Ke nako: ANC ordered to pay R1

The ANC in KwaZulu-Natal kicked off its official 2019 provincial election campaign with a chopper-flown banner. Image: IOL

Ke nako: ANC ordered to pay R100m for 2019 election banners

The ruling party’s financial woes appear to be mounting after its failure to pay August salaries, and Saturday’s order by party president Cyril Ramaphosa to reimburse the state for hitching a ride on a government jet.

Ke nako: ANC ordered to pay R1

The ANC in KwaZulu-Natal kicked off its official 2019 provincial election campaign with a chopper-flown banner. Image: IOL

The Johannesburg High Court has ordered the ANC to pay a KZN-based company R102 million plus interest for election banners installed before South Africa’s 2019 general election.

Ezulweni Investments sought relief from the courts court in September last year after the ANC failed to pay for the installation of 30,000 PVC banners across the country.

The party was billed R2 900 per banner for installation and R70 for removal of each banner after the elections.

Chief executive of Ezulweni Renash Ramdas said in court papers that letters to ANC President Cyril Ramaphosa and party secretary-general Ace Magashule went unanswered.

ANC says no proof of purchase order

In its defence, the ANC argued that it had no obligation to pay the company because ANC Treasurer-General Paul Mashatile had not approved the installations.

“There is no evidence that [Mashatile] approved the agreement. Nor is there evidence of a purchase order. [Ranesh] Ramdas knew or must have known he [Mashatile] was the only representative authorised to conclude the agreement.”

Here’s the evidence says judge

However, Acting Judge U. Bhoola ruled that the company had proven that it had entered into a bona fide oral agreement with the ANC, adding that Ramdas provided WhatsApp messages proving that procurement officer Lebohang Nkholise had given the go-ahead for the installations.

Ezulweni’s lawyers, reportedly argued that officials Nhlanhla Mabaso and Nkholise were authorised by the ANC.

Based at Luthuli House, the ANC’s headquarters, finance manager Mabaso and procurement officer Nkholise agreed with Ramdas that his group would supply 30 000 banners.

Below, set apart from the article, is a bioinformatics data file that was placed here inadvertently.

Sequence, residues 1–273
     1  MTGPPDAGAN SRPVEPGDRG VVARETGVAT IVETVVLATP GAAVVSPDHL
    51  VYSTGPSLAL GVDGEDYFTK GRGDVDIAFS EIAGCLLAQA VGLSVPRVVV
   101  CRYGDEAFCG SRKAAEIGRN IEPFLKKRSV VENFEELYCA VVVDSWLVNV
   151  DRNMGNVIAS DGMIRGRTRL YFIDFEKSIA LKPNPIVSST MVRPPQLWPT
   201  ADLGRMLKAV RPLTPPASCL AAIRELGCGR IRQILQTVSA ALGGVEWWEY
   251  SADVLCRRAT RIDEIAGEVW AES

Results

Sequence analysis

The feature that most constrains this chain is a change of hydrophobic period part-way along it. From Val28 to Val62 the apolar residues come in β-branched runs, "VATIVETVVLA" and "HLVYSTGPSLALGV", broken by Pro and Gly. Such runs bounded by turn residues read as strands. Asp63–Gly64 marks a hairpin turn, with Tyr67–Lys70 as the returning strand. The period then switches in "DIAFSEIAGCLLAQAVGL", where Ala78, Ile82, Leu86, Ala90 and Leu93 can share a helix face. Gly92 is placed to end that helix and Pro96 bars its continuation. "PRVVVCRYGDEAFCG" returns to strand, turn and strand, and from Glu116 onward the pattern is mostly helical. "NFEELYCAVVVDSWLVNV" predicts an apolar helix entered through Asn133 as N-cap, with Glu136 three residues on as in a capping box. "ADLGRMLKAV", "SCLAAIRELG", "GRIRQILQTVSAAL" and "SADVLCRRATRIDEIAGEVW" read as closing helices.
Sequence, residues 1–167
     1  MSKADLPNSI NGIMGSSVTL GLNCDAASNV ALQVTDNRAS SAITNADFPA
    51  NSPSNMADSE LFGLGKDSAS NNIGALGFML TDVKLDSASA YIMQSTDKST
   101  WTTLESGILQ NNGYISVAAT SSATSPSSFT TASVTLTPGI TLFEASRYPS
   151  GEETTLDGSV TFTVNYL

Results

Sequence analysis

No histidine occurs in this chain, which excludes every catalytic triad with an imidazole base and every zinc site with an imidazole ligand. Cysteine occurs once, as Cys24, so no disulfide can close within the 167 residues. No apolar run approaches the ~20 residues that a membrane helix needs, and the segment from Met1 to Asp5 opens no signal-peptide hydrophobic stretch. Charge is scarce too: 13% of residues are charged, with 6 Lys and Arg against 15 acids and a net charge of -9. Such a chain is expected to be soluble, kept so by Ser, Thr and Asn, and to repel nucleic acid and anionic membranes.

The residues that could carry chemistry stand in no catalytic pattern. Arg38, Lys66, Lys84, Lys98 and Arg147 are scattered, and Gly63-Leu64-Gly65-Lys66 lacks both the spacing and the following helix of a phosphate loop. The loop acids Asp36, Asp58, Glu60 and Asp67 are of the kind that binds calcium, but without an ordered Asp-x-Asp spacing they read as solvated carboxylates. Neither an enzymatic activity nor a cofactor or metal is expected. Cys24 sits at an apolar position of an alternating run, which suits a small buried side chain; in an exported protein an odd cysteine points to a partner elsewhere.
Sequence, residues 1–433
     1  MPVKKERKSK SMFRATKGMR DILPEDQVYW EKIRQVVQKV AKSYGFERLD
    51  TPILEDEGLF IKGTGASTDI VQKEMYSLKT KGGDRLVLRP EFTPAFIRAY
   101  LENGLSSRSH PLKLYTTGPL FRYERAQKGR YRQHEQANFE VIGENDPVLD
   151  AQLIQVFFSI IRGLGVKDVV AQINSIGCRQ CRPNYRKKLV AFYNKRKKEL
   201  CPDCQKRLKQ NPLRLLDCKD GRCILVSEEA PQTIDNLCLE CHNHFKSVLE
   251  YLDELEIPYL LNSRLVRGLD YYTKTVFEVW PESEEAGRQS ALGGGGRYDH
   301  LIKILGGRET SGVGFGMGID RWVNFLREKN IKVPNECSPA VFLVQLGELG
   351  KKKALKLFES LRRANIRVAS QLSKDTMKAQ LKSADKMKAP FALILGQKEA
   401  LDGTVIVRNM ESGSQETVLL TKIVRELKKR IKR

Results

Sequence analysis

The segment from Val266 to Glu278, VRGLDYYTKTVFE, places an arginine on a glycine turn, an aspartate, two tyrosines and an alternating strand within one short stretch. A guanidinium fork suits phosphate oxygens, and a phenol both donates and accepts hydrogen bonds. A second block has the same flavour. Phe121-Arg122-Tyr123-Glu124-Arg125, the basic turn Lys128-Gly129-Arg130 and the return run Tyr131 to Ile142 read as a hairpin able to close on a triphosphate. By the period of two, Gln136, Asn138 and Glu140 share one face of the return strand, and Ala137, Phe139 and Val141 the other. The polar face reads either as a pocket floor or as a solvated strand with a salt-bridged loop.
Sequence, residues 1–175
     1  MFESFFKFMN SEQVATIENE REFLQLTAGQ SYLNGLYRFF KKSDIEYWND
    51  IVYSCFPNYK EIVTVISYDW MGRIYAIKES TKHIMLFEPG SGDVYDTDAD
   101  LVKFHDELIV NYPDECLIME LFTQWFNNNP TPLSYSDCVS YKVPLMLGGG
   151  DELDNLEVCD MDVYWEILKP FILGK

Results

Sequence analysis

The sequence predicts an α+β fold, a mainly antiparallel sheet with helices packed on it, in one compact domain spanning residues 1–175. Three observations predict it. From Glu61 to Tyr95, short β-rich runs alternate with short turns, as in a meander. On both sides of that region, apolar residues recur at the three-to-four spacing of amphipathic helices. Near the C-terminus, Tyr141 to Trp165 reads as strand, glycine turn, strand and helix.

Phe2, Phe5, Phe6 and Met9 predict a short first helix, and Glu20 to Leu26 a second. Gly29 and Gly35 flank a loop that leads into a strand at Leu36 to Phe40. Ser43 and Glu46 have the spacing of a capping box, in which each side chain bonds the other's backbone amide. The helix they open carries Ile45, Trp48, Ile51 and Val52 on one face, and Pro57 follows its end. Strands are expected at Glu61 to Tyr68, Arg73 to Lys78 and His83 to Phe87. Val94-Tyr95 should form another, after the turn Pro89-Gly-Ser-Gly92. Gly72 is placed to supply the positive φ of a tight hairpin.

The judge further ruled that according to evidence presented in court, Nkholise and Mabaso had authority to enter into agreements on behalf of the ANC.

Ezulweni’s court papers detailed meetings and WhatsApp communication between Ramdas, Mabaso and Nkholise discussing the progress of the banners’ production.

“Mabaso and Nkholise admit receiving the messages from Ramdas but deny that they responded to them,” Judge Bhoola said in her judgment.

“However, on… 27 April 2019 at 12pm Nkholise responded with a ‘thumbs up’ emoji, clearly indicating their approval for the 20 000 banners (that Ramdas said could already be made available).”

Ezulweni Investments also provided a letter, reportedly from ANC head of campaigns Fikile Mbalula to Mashatile, requesting payment for the banners.

“The total cost is R 87m, R2,900 per PVC banner. This letter is accompanied by an invoice from Ezulweni Investments,” the letter reportedly stated.

ANC financial woes mounting

The ANC did not immediately reacted to the ruling, but the news comes amid the party’s reported financial difficulties in recent months and frequent delays in payment of salaries to staff.

It failed to pay staff on time in December 2019, June 2020 and again in August 2020.

And just this Saturday, President Cyril Ramaphosa, who is also the president of the ANC ordered that his party pay back the cost of a recent trip to Zimbabwe during which an ANC delegation caught a lift on a government plane to meet their ZANU-PF counterparts.

Black, green and gold finances in the red?

It has also faced other lawsuits in the past over alleged nonpayment for services rendered.

In July 2019, a car rental company based in Ekurhuleni dragged the party to court to force it to pay R5.7 million. The payment was reportedly for 595 cars the ANC rented ahead of its NASREC conference in 2017.

In January 2019, the ANC website went offline after apparently failing to pay Unwembi Communications R32 million for various services. It’s still offline.